Cit­ing con­cerns that state mon­ey could sup­port the out­sourc­ing of jobs, four gov­er­nors — from Penn­syl­va­nia, Mis­souri, Min­neso­ta and Iowa — removed their states from the trade deals this month; 24 oth­ers remain com­mit­ted. We stand ready to engage in future trade agree­ments when we are cer­tain that such trade agree­ments ensure a lev­el play­ing field for our domes­tic employ­ers and work­ers,” Penn­syl­va­nia Gov. Ed Ren­dell, a Demo­c­rat, wrote in his May 11 let­ter rescind­ing his state’s involve­ment. The legal­i­ty of Zoellick’s invi­ta­tion to gov­er­nors also is dis­put­ed because how mon­ey is spent is a leg­isla­tive pre­rog­a­tive, not an exec­u­tive one.

Sup­port­ers of the trade deals say lim­it­ing state and local dis­cre­tion is an accept­able consequence.

When you’re try­ing to lib­er­al­ize trade, what you get depends some­what on what you offer,” says Robert Hamil­ton, trade pol­i­cy advis­er for Wash­ing­ton Gov. Gary Locke, a Demo­c­rat. Part of that exer­cise is giv­ing up sov­er­eign­ty to a degree.”

CAFTA’s authors ensured that the pact remained viable for gov­er­nors by exempt­ing minor­i­ty, vet­er­an and women hir­ing pref­er­ences in state and local con­tracts. But with no such safe­guards extend­ed to oth­er areas of social and envi­ron­men­tal leg­is­la­tion, crit­ics expect the worst. CAF­TA con­tains the same arbi­tra­tion pro­ce­dures that years of secret World Trade Orga­ni­za­tion tri­bunals have devel­oped to quash dis­guised restric­tions on trade.”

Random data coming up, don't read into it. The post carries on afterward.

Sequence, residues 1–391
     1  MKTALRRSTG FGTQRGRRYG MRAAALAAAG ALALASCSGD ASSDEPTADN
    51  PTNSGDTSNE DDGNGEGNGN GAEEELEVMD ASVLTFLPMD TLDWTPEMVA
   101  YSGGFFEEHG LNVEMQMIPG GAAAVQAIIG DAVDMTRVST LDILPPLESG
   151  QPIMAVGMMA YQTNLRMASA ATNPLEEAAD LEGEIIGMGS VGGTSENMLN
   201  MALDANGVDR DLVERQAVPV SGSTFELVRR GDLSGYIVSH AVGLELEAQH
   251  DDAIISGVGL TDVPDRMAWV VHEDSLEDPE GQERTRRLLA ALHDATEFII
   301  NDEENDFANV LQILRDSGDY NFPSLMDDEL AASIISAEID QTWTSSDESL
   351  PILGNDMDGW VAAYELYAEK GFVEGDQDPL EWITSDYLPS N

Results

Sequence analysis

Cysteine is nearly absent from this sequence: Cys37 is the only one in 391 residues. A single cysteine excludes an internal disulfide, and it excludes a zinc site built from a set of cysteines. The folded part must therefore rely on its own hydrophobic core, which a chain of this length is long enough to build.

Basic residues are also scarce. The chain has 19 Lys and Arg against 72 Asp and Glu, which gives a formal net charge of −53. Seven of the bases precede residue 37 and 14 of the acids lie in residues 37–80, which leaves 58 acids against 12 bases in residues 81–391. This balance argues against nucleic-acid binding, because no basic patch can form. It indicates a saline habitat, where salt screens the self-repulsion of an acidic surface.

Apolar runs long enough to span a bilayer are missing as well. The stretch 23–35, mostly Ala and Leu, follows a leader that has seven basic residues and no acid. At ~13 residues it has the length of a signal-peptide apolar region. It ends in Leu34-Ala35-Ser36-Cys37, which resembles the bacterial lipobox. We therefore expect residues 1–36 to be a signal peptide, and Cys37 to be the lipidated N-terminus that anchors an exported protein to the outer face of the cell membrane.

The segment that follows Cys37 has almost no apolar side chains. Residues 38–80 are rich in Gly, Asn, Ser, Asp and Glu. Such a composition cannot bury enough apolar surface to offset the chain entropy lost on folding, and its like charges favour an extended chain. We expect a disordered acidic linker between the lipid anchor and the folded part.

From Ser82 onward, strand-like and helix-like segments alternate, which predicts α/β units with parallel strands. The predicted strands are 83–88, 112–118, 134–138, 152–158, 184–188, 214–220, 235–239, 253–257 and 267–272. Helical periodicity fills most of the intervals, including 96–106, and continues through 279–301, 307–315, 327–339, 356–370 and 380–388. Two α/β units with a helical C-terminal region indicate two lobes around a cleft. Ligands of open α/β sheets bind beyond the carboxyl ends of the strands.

While local rule­mak­ing los­es, cor­po­ra­tions win big. Com­pa­nies can chal­lenge state law in these closed-door tri­bunals even if they are based else­where. Just as cor­po­ra­tions found ways to export jobs and off-shore their tax­es, says Dan Bee­ton of the Cit­i­zens Trade Cam­paign, a coali­tion of envi­ron­men­tal, labor and fair-trade groups, a firm could open a sub­sidiary shell in a coun­try that is par­ty to the trade deal and then use it to sue a state for restrict­ing its profit.

If this is suc­cess­ful,” says Ben McK­ean, nation­al orga­niz­er for Unit­ed Stu­dents Against Sweat­shops, I have to imag­ine it would move much fur­ther much faster. It would have a chill­ing effect on our core work.”

A pol­i­cy cli­mate that voids anti-sweat­shop rules in state pur­chas­ing, McK­ean says, could out­law the licens­ing agree­ments cor­po­ra­tions sign with uni­ver­si­ties pro­hibit­ing child labor, black­list­ing and oth­er abus­es in the pro­duc­tion of col­le­giate apparel.

Once states are locked into these trade deals, it is expen­sive to extri­cate them. Remov­ing a state requires com­pen­sat­ing all oth­er sig­na­to­ries to the pact for the loss of this ben­e­fit.”

They are bound despite the fact that state leg­is­la­tors have nev­er debat­ed it, let alone vot­ed on it,” Bee­ton says. The U.S. trade rep­re­sen­ta­tive knows this would not sur­vive the scruti­ny of the gen­er­al public.”

Mis­cha Gaus is an edi­tor of Labor Notes mag­a­zine, the largest inde­pen­dent union pub­li­ca­tion in the Unit­ed States.